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#LiterallyWhatsHot: On Talking Shoes, Crappy Healthcare & Loveless Marriages — A Review of Amara Nicole Okolo’s “Son of Man”

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One September morning, during a search for my daily literary fix, I hopped on Catapult and found a heart-wrenching story about domestic violence. The piece, titled The Things We Never Say: A Family History tells of the love between a daughter and her mother. Dad is originally presented as lifeless, almost forgettable till he isn’t. And when he manifests, he’s all fists and punches, leaving behind a trail of blood and battered faces.

The piece was powerful and the author’s name (Amara Nicole Okolo) stuck. In search of more juicy pieces, I launched out and found “Son of Man”, her collection of short stories. The first story, titled “The Talking Shoes”, is about Andrew, an unemployed family man who struggles to navigate the cesspool that is life. His scruffy shoes, vested with the power to think and narrate the story, are worn by their owner to a job interview where he is seized up by a snooty receptionist and later gets into a brawl with her. Back home, things take a worse turn and Andrew almost makes a horrible decision.

“The Machete of Retribution” is the second story in this collection. Here, the protagonist is Ejiofor, a farmer with hopes and dreams for his young son. When the son takes ill and has to get urgent treatment, Ejiofor finds himself on the receiving end of the Nigerian healthcare system designed to ruin lives instead of saving them. From nonchalant hospital staff to dilapidated structures to absurd rules (even for emergencies), this story is a cry for help to the authorities.

Still on Nigeria’s ailing systems, the next story titled “Lost Ones” addresses the public’s fear of the Nigerian Police. I have always told myself that if I’m ever invited to a police station, I’d rather die (out in the open) than oblige. Let’s not act like we haven’t heard of people who never returned from 24hr detentions or who were tortured beyond comprehension for alleged crimes. Okolo’s third story “Lost Ones” explores this growing trend of indiscriminate detentions. “Lost Ones” follows the misadventures of Gabriel and the people he meets in a holding cell somewhere in Lagos.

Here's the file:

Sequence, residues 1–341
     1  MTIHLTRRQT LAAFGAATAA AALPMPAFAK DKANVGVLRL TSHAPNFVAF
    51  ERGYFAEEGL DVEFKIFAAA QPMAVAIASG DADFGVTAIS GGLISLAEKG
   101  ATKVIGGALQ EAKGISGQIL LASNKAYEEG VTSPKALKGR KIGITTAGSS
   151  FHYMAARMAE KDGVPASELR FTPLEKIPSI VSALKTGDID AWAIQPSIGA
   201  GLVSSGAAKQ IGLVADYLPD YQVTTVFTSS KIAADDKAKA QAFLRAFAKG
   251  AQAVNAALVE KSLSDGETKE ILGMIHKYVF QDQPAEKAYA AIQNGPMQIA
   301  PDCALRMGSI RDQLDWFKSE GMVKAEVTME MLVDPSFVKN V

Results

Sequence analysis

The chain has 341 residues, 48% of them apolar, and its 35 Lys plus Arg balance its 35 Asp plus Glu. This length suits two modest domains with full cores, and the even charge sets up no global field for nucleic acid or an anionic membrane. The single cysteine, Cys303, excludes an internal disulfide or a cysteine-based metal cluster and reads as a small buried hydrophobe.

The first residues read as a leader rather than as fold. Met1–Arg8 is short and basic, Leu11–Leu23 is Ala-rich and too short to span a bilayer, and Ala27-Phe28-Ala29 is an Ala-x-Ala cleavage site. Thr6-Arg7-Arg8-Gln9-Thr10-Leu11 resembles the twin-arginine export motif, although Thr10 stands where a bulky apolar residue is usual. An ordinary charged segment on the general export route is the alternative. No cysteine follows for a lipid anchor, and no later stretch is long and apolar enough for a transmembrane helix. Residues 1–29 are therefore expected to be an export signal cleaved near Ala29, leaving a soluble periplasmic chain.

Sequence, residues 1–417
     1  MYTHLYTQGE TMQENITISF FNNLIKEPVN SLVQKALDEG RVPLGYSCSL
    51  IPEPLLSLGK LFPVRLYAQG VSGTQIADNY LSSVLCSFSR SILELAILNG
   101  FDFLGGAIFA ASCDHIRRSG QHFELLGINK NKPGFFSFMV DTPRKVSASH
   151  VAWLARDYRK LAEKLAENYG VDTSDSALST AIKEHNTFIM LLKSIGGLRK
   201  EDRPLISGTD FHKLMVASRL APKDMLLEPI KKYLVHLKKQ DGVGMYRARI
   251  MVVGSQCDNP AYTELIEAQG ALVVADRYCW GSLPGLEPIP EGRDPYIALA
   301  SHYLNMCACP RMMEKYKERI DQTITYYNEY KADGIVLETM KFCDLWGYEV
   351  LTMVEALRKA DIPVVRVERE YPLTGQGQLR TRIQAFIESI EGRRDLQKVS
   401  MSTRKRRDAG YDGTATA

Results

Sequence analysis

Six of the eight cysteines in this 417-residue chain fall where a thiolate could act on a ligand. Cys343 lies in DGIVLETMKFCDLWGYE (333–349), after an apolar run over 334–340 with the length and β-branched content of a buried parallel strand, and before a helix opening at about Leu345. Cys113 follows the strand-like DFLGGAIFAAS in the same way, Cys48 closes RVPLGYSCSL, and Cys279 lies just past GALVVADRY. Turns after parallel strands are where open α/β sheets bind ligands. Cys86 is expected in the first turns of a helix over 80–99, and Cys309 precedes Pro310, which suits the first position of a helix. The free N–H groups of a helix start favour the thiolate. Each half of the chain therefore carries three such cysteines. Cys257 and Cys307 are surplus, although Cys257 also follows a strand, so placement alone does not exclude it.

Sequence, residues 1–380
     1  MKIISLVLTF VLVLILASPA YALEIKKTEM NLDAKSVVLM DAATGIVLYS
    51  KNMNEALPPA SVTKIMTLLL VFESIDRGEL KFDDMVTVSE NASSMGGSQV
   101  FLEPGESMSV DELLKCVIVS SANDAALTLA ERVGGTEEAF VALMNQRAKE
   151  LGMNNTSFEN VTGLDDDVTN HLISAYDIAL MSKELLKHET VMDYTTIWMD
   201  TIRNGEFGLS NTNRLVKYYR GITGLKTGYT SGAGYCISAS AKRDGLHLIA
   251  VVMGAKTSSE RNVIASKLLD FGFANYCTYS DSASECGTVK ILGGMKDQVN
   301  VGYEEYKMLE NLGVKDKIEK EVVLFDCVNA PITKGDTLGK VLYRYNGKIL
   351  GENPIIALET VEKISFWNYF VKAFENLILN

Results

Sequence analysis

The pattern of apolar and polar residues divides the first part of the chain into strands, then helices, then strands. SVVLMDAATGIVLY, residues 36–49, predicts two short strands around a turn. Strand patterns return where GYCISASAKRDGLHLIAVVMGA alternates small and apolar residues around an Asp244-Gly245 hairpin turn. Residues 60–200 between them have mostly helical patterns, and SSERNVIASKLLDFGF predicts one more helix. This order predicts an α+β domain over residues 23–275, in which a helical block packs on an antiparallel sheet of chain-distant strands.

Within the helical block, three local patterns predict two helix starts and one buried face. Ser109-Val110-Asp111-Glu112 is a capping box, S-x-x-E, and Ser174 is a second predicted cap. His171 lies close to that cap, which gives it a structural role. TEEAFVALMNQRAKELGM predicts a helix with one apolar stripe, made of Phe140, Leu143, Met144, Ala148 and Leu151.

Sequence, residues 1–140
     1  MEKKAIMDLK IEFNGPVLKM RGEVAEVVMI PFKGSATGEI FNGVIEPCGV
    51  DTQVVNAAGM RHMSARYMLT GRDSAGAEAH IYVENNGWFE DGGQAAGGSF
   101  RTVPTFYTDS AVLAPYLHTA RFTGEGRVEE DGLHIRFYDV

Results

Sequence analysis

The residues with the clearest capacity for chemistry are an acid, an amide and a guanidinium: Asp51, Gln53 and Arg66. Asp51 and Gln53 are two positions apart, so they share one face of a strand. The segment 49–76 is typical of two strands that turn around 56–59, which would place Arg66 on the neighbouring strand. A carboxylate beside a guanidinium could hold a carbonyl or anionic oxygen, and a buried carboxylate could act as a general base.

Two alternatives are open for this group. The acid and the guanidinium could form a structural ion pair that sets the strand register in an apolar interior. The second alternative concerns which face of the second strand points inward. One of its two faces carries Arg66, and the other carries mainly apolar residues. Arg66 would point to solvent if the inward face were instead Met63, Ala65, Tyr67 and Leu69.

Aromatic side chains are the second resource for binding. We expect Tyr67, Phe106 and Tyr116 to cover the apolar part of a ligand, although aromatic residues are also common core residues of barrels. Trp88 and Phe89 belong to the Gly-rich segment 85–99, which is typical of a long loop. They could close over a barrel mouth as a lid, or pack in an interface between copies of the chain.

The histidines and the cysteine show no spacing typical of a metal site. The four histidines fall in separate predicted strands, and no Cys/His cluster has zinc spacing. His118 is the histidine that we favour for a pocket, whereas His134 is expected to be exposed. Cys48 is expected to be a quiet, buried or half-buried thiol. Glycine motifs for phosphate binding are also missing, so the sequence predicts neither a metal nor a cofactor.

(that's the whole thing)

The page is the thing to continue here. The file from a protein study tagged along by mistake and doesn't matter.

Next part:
Of the six stories in this collection, my emotions pooled around two stories: 500 Dreams and a Letter; and That Fine Madness. The former, my favourite, is about Chief Odion Eguavoren, a fabulously wealthy and bitter old man with a terminal illness: cancer. With no love lost between him and all but one of his children, he calls a meeting that results in a million and one spilled secrets. His death ultimately comes with a mind-blowing will.

“That Fine Madness” is a love story that takes place during Achike’s time serving his country through the NYSC scheme. While on assignment as a teacher, he meets a married woman with whom he falls in love. Her marriage is one of convenience, so it’s expected that she really doesn’t love her husband. But in trying to see where this new love can take her, we’re forced to watch the unexpected happen. My heart broke when this story ended.

Amara Nicole Okolo’s “Son of Man” can be likened to a well-done steak: very filling and no uncooked parts to cause pain at odd hours. Her stories explore human nature as well as the happenings in the Nigerian society. Characters are well-rounded, believable. I laughed and cried with them, smelt the faeces in the holding cell, felt my heart race when the will was being read. I loved every moment with Chief Odion. He is the real MVP, that villain you’d hate to love.

“Son of Man” is an excellent book I’d recommend anytime. Okolo’s writing reminds me of Akwaeke Emezi stories, and I daresay that Okolo will eventually be one of the greats.

Want to read a copy of Son of Man? Get one here on the OkadaBooks store!

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Chiamaka Onu-Okpara is a freelance editor with experience reworking fiction, creative non-fiction, and academic documents. Her stories have been published in Ake Review, Apex Magazine, and The Kalahari Review amongst other places. Her first poem is forthcoming in Strange Horizons.

3 Comments

  1. Tosin

    October 12, 2017 at 4:42 pm

    seems really exciting 🙂

  2. Ijeoma Ucheibe

    October 12, 2017 at 5:08 pm

    Beautiful. Soulful. I love this review.

  3. Psalm

    October 12, 2017 at 6:09 pm

    Hello Chiamaka, I’d like to read your poem(s) someday. I hope you let us know when it’s published on Strange Horizons, or elsewhere.
    I was attracted by your review of “To Bee A Honey” [still appreciate your analyses in other reviews though]. I didn’t leave a comment on that day or soon after because my phone was misbehaving- long story.
    Best wishes.

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